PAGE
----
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A note to Mike Babin:
Our group is in your debt. The trip could not have been planned better. The events were all well done, and the travel and escort arrange-ments were first rate. Many thanks Mike - now it's time to get started planning the next trip.
by Jim Trick
Thirty one of us departed from Toronto and Vancouver on Dec 1st, prepared to spend between 14 and 16 hours enroute. Sunset got to Hong Kong just as the Vancouver group landed. No night on this trip, but we adjusted our watches and calendars to account for a lost day. We were met by our guide, Wendy, and whisked off to the hotel. A quick drink in the bar for some of us, then off to bed. Our hotel was L'Hotel Causeway Bay. Highly recommended, although there are not enough elevators for over 30 floors.
We were privileged to travel with a Hong Kong veteran, Ralph MacLean, RRC. Ralph, accompanied by his son-in-law Blake Prigden, was an inspiration to all of the rest of us. Ralph's energy, positive attitude, sense of humour and endurance were simply amazing. He attended all the events, and his presence added immensely to their value. Thanks for taking us with you, Ralph.
Note from Blake: Ralph’s additional schedule. On Monday, Dec 7th Ralph and I were hosted by the Consul General Ian Burchett and his staff. We enjoyed a very pleasant discussion and delicious Canadian meal. After, we met with a reporter from a local paper (the Apple Daily) for a lengthy interview (story to come out around Christmas). We then met Beatrice Cheung, the school teacher whose student sent Ralph a Christmas card three years ago. Beatrice, her husband Tim and a friend took us to see the Shamshuipo memorial park and commemorative plaque and stone. We also visited the Peninsula Hotel, where the troops were first dropped off. After, we enjoyed a nice Chinese dinner and their company. On Tuesday, Dec 8 we visited the Canadian International School, where Ralph met the, now 5th grader, who sent the original Christmas card and spoke to a very enthusiastic class. This was Ralph’s highlight.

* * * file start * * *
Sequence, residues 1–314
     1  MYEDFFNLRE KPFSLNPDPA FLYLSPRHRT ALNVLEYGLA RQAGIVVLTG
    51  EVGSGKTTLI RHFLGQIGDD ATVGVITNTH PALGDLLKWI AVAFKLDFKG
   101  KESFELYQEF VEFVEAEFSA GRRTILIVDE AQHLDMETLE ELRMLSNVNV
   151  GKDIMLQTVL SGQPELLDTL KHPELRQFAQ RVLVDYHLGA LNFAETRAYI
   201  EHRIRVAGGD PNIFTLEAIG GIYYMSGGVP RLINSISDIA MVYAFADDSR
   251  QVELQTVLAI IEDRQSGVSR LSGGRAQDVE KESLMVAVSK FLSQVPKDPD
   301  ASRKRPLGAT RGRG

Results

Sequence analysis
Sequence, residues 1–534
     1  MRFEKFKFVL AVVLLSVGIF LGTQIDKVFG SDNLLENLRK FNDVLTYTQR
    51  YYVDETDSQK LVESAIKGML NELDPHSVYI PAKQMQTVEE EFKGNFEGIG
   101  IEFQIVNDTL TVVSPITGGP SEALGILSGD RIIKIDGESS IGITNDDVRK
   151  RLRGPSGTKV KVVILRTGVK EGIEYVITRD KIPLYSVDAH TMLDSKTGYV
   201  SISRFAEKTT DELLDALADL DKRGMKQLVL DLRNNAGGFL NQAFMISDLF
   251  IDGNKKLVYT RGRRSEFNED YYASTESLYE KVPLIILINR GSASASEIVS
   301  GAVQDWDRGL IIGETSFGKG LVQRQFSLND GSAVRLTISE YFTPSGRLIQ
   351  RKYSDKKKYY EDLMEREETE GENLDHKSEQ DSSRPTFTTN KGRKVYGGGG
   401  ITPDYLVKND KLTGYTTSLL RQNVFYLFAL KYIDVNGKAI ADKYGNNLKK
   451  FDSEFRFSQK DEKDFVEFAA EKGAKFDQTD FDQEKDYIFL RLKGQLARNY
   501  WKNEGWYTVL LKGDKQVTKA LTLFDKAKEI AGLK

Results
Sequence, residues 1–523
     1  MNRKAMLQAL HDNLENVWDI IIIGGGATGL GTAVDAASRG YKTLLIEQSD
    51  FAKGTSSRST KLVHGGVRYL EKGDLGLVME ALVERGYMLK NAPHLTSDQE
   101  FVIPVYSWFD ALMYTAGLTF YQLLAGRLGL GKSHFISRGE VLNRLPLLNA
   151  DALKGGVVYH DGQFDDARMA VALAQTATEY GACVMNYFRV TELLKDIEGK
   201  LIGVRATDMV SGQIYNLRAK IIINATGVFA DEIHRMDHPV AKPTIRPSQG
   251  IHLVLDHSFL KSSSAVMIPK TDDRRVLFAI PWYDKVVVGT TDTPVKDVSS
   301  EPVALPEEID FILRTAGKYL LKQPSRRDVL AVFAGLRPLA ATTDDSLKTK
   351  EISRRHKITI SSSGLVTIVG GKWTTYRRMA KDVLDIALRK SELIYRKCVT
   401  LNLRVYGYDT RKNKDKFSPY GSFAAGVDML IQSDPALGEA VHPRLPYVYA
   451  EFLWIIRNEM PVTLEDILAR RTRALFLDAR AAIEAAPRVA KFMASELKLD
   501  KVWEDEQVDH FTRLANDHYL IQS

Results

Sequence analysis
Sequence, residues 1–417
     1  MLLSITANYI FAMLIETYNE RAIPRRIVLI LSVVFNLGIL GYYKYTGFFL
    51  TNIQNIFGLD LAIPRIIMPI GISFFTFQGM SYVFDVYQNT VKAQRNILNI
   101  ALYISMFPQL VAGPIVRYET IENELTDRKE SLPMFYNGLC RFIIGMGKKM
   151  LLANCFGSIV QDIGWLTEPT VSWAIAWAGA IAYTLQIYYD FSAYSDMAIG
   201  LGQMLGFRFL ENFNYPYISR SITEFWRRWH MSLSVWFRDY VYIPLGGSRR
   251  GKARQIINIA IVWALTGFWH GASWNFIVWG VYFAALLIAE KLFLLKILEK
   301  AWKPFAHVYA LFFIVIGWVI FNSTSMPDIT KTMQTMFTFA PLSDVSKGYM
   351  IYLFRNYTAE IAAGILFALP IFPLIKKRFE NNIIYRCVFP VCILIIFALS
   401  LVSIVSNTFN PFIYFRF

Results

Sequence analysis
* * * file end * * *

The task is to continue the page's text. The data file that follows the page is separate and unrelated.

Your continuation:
After a filling buffet breakfast our jet-lagged crew were off on an escorted walking tour of "downtown" Hong Kong. It proved to be a great way to be introduced to the city and its history. We visited a statue in Hong Kong Park that is widely assumed to be a likeness of CSM Osborn, VC. It's annotated as the "Osborn Statue" in Wikipedia, but in fact the statue is of a World War 1 soldier and it memorializes Osborn. Next we were off to The Peak via the tram for lunch. After a typical delicious Chinese lunch, we boarded our bus for a motorized continuation to our morning tour.
In the evening we visited the Crown Wine Cellars for a delicious meal, accompanied by wine of course. Gregory De’Eb, who was our entertaining host, provided us with a historical sketch of the cellars which started life as a munitions storage site. We also learned that storing wine is a lot more complex than one might think. Greg showed us the collection of artifacts he's collected, including a sketch book "diary" created by the POWs at Sham Shui Po.